SHOW GRATITUDE FOR GAIA
From the high peaks of the mountains
To the fertile valley floors
The sparkling rivers that flow
Into the vast oceans and shores
Open wide your arms and embrace
As you let your deeply held connection
To Mamma Gaia
Nourish and entwine your Gaian soul of
To make you whole
Then let self-exploration heal
And connect your celestial pole
Become the embodiment of your inner fire
The fabric of all life on Earth – Mama Gaia
ON SATURDAY 24 MARCH 2018, MILLIONS OF PEOPLE FROM AROUND THE GLOBE CAME TOGETHER FOR EARTH HOUR. FROM COLOMBIA TO INDONESIA TO AUSTRALIA, EARTH HOUR 2018 MOBILIZED PEOPLE TO CONNECT2EARTH AND SHARE WHAT NATURE MEANS TO THEM, IN THE PLACES THEY LIVE IN AND CARE ABOUT.
Our home has some of the most iconic and breathtaking natural landscapes and wildlife in the world. But just like many of the natural wonders across our blue-green planet, we’re facing massive threats to our biodiversity due to climate change.
That’s why millions of people in over 180 countries turned off their lights for Earth Hour as a symbolic gesture to show the need for stronger action.
But how did we fair on a local level? Did our hometowns and communities take part or just laugh at the thought that this movement is ridiculous and won’t make a difference?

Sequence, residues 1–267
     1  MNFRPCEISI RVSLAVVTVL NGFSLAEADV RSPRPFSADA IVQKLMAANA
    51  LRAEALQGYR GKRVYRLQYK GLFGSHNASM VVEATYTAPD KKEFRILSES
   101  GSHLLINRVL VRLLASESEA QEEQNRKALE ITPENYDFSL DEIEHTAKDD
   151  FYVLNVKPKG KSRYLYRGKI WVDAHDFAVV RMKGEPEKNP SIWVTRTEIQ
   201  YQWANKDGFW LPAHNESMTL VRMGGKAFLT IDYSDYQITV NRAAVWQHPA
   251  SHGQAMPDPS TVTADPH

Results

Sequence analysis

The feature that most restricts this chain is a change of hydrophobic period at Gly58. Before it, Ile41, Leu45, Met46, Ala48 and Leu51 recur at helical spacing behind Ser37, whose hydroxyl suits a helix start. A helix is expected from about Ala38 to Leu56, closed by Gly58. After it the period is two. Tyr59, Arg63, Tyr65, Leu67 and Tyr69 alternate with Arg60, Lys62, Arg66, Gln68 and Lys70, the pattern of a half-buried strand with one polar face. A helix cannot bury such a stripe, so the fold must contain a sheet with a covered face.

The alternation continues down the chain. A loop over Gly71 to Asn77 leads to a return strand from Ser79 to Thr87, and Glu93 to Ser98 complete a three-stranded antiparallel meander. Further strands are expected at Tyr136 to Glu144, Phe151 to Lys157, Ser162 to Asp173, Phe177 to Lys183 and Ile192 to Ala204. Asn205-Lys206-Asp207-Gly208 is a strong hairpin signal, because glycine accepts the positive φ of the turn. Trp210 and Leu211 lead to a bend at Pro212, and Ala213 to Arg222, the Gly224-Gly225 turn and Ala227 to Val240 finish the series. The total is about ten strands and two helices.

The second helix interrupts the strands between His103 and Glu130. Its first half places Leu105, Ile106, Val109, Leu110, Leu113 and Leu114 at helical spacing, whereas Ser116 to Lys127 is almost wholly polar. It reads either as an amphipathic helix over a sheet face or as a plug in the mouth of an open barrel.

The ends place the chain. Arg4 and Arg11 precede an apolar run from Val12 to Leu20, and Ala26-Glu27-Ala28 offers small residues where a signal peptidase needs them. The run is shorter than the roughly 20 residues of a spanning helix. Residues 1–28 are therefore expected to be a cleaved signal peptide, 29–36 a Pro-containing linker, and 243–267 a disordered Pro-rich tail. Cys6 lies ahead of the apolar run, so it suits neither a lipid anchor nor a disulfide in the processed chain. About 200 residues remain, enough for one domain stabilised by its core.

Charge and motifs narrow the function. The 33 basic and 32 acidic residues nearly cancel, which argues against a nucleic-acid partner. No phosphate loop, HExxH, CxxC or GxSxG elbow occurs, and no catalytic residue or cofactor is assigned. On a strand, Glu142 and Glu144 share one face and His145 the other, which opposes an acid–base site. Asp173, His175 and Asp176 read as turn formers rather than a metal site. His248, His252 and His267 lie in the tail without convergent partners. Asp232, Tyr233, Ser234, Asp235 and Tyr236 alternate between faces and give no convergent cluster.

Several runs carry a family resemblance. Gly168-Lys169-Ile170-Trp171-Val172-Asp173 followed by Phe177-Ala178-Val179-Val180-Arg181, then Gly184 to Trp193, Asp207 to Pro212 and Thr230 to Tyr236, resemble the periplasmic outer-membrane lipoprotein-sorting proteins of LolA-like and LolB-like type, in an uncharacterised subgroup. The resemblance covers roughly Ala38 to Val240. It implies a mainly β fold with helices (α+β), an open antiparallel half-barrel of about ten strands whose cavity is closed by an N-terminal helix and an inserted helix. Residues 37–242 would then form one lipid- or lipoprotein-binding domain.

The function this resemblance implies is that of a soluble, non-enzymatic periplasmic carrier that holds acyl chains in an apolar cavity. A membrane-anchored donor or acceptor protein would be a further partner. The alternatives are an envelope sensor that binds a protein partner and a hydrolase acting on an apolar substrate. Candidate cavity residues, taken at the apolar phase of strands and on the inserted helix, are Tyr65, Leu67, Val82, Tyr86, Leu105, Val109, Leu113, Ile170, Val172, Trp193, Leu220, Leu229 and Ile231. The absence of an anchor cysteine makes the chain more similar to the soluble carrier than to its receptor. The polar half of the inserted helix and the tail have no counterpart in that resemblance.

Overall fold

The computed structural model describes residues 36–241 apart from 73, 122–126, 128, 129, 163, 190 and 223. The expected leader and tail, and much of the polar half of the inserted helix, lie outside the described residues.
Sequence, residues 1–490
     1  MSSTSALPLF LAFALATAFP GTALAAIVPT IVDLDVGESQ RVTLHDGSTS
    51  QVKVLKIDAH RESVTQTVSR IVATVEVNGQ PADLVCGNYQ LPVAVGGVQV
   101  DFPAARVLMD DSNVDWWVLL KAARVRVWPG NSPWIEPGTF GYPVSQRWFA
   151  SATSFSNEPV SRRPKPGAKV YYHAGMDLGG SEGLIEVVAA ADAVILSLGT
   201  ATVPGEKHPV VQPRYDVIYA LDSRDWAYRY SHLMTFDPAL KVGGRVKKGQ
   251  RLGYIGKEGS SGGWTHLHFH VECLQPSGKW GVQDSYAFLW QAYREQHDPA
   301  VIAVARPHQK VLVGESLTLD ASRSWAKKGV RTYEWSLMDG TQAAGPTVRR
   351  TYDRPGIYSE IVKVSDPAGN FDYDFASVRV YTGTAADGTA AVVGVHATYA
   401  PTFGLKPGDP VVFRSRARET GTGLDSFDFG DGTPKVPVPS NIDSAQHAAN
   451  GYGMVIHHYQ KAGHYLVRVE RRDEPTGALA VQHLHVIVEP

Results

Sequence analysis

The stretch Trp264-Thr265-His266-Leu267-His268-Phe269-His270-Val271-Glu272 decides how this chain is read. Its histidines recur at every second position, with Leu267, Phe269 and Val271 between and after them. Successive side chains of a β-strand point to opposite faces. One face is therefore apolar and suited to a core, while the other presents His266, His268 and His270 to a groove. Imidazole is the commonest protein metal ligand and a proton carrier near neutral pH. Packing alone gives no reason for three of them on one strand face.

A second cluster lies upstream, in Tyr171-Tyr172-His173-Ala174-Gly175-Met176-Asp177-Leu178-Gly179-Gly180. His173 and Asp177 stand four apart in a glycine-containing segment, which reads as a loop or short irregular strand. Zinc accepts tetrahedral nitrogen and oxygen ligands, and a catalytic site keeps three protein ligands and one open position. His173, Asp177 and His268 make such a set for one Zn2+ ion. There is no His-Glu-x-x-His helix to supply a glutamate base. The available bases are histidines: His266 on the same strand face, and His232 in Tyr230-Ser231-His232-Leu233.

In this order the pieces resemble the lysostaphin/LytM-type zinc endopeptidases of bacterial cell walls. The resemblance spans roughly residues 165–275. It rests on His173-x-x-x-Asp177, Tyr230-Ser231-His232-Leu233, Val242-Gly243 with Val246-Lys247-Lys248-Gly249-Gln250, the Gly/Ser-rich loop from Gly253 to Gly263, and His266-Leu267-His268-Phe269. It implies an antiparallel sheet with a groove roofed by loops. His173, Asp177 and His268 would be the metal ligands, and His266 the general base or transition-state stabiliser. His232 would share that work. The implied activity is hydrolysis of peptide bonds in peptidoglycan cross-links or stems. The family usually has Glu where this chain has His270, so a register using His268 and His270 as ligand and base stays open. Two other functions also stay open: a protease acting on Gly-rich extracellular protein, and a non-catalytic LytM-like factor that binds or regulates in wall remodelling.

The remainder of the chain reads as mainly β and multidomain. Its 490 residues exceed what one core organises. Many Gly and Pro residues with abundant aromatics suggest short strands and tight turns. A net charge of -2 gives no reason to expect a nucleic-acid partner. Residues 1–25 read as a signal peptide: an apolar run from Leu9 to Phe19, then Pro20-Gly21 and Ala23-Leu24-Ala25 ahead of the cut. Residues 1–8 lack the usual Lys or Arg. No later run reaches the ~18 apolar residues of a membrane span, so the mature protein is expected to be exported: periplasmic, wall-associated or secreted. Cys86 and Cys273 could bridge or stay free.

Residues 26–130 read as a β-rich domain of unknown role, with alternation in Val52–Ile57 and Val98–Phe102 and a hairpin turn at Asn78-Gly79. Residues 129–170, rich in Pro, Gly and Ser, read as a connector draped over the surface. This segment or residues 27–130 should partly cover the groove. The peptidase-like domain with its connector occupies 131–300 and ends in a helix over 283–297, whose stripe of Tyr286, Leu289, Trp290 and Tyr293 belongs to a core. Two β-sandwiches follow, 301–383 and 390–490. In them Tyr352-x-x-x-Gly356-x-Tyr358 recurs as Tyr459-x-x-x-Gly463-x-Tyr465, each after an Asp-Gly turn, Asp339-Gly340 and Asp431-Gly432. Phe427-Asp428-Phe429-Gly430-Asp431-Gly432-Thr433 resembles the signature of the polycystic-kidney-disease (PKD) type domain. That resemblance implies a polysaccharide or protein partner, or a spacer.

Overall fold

Let’s take a look at the facts about climate change.
If average global temperatures rise above 2°C, it is expected that most coral systems like the Great Barrier Reef will not survive. A temperature rise of 3°C will see the effective destruction of coral reefs such as Australia’s Great Barrier Reef and the Ningaloo Reef.
With 4°C of warming, the most extraordinary heatwaves experienced today will become the norm and a new class of heatwaves, of magnitudes never experienced before, will occur regularly.
Wheat growing is strongly affected by rainfall and temperature. As well as reduced production, we may also see lower dietary value with lower levels of protein and important micronutrients like zinc and iron.
With a temperature rise of 3°C, irrigated agriculture in the Murray-Darling Basin (which produces ⅓ of national food supply) is likely to lose half its annual output.
Snow cover is projected to reduce to zero in most Australian locations that currently experience a significant snow season if warming reaches 2.9°C above 1990 levels by 2050
Warming of 3°C will mean 55% loss of Eucalyptus core habitat.
So as you can see even these few significant issues raise concerns – there are many more.
Earth Hour and the importance of learning about the accelerating climate change and the staggering biodiversity loss which threaten our planet is something we all should take part in and do our best to protect wherever we live. Be it a small remote town or suburbia.
Afterall this is our planet.